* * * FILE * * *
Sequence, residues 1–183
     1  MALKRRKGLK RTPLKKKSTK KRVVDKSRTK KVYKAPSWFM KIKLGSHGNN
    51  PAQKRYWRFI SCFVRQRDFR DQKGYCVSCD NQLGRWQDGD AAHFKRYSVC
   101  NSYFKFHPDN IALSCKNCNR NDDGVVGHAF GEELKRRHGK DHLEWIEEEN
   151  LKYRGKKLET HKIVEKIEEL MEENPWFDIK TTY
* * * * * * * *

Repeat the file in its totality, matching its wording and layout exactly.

Sequence, residues 1–183
     1  MALKRRKGLK RTPLKKKSTK KRVVDKSRTK KVYKAPSWFM KIKLGSHGNN
    51  PAQKRYWRFI SCFVRQRDFR DQKGYCVSCD NQLGRWQDGD AAHFKRYSVC
   101  NSYFKFHPDN IALSCKNCNR NDDGVVGHAF GEELKRRHGK DHLEWIEEEN
   151  LKYRGKKLET HKIVEKIEEL MEENPWFDIK TTY